In Scotland the formal name for Bankruptcy is Sequestration. The rules and effects are different to those in England and Wales.
In order to declare yourself bankrupt in Scotland you need to meet slightly different criteria to that of England, Wales or N Ireland.
The first and most important of these is where you live. Sequestration is only available for people who are currently living in Scotland. If you have now moved away from Scotland you will not be eligible for sequestration unless you move back. You will have to live in Scotland for at least 6 months before you can apply.
The second is how much unsecured debt you owe. To use sequestration you must owe at least £1500 to your unsecured creditors.
The fee for Sequestration in Scotland is £200. This has to be paid to the Accountant in Bankruptcy (AiB) and is submitted with your application documents.
Up until November 2010 in order to make yourself bankrupt you had to be able to prove that legal debt recovery action had already been started against you by meeting at least one of the following criteria:
(a) A Charge for Payment has been issued by one of your creditors and fourteen days notice has elapsed.
(b) You have received an Earnings Arrestment as a result of a Charge for Payment
(c) A Statutory Demand has been issued by one of your creditors and 21 days have elapsed.
However as of November 2010 a new option called the “Certificate for Sequestration” was introduced which now allows people to go bankrupt even if no legal action has yet been taken against them.
This process involves applying for a Certificate for Sequestration which confirms that you are eligible to declare yourself bankrupt. The Certificate of Sequestration must then be included with your application for sequestration that you submit to the Accountant in Bankruptcy.
In order to get a certificate for sequestration you need to apply to an authorised person. Authorised people are normally either Money Advisers, CAB Money Advisers, Local Authority Money Advisers or Insolvency Practitioners.
The adviser must satisfy themselves that you are unable to repay your debts as and when they become due. To do this they will need to review your debts, income, expenses and assets in detail. If they are happy that you qualify then they will issue you with a Certificate for Sequestration. The adviser is not allowed to charge you for this service.
After you have been issued with a certificate for sequestration, you must apply for your bankruptcy within 30 days from the date that the certificate was signed. If you do not make an application within 30 days your opportunity to apply will be withdrawn.
In order to apply you will need to complete a Debtor Pack which your Money Advisor should be able to give you. Alternatively Debtor Packs are available from the Accountant in Bankruptcy (AIB):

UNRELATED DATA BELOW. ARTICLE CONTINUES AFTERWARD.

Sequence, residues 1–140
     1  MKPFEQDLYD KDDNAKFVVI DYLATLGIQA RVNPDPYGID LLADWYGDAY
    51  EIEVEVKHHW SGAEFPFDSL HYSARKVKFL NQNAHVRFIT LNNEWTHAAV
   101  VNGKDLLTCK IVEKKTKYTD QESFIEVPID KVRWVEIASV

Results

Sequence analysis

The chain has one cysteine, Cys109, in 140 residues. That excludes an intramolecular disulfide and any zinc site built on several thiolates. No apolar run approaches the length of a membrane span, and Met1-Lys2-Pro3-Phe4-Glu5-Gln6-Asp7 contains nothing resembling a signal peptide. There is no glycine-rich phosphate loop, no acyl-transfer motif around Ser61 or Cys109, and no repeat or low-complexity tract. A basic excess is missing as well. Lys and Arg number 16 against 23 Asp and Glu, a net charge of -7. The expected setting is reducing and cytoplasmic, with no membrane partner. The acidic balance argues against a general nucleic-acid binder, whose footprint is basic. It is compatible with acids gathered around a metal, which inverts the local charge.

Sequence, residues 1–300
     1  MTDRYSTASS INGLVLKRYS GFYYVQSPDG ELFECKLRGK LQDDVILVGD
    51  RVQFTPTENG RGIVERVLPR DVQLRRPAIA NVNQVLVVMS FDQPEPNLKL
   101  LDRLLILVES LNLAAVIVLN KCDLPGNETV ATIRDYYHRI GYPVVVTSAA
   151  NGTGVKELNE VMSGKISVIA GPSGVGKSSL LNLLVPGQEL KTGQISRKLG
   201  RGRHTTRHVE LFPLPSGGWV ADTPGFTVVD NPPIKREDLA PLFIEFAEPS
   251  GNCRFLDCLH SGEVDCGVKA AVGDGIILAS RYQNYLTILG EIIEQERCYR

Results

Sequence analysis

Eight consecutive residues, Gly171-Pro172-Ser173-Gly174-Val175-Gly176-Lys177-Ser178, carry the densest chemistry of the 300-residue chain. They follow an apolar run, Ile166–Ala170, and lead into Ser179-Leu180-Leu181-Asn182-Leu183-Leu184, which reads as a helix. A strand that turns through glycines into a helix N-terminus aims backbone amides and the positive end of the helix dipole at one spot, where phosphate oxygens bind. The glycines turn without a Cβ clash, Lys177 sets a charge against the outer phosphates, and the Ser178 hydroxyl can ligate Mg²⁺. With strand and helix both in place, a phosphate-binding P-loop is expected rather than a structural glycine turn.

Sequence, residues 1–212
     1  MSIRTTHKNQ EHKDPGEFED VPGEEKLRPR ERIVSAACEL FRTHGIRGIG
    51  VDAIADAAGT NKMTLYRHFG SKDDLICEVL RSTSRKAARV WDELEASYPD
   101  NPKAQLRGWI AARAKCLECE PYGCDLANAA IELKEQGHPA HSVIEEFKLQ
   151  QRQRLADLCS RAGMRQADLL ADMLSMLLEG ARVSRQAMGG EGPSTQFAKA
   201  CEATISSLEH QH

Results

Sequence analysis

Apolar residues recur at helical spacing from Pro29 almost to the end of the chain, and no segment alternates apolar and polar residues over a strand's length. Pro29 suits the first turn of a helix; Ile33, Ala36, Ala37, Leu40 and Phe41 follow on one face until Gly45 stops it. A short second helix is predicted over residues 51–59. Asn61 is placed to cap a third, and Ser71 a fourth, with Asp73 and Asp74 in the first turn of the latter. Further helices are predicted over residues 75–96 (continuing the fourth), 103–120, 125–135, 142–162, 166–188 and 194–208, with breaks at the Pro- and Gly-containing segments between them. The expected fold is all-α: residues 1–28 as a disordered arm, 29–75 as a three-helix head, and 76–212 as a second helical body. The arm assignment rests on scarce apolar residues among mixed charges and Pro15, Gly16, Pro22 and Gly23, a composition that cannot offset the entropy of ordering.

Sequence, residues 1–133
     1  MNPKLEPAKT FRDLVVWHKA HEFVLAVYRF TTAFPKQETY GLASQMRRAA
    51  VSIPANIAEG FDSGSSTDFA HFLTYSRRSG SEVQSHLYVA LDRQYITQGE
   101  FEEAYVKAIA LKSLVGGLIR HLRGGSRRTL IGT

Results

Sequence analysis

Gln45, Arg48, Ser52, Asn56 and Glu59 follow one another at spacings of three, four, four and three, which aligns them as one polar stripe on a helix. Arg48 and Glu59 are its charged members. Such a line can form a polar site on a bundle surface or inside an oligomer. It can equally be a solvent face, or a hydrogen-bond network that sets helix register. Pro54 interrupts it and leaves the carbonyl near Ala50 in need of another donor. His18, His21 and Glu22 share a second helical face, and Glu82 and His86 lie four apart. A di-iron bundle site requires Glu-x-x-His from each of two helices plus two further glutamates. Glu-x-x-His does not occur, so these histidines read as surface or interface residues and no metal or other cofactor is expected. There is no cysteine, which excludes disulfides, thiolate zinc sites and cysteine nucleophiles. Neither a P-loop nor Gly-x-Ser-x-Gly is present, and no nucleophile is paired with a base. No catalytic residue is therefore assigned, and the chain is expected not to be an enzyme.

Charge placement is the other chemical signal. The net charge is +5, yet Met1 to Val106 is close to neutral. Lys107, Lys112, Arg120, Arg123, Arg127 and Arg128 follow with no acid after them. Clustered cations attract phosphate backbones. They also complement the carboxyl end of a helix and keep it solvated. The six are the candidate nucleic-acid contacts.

1 Pennyburn Road, Kilwinning Ayrshire, KA13 6SA (telephone 0845 762 6171)
Instructions for completing the application are included with each pack and it is essential that the pack is fully completed. You will also have to pay an application fee of £200.There are no waivers or exemptions for this fee.
Once you have completed your application form, you will need to send it together with your certificate for sequestration and your payment directly to the Accountant in Bankruptcy.
Generally your sequestration will be awarded within a few days of you submitting your application to the AiB.
When a sequestration order is granted and you are made bankrupt, a trustee will be appointed. The Trustee will normally be appointed by the Accountant in Bankruptcy (AiB) but they could also be an insolvency Practitioner that you have personally instructed. The Trustee’s job to administer your bankruptcy and try to recover money for your creditors.
The Trustee’s first job will be to review your financial circumstances including your income and living expenses and your assets.
BE Tip: Despite having already provided information about your personal financial circumstances to the Money Advisor in order to get your Certificate for Sequestration, evidence regarding your financial situation including payslips, bank statements, tenancy agreements and hire purchase agreements may have to be presented to your Trustee as part of the bankruptcy application.
Your Trustee has a duty to try and sell any valuable assets to contribute towards the cost of your bankruptcy and realise value for your creditors. Generally speaking this will only affect you if you are a home owner.
They will also consider whether you should make monthly payments towards your debts in the form of an income payment agreement (IPA) or income payment order (IPO). If you receive social security benefits or tax credits no contribution will be taken from them.
Once bankrupt you must co-operate with your Trustee and keep them informed about any changes in your circumstances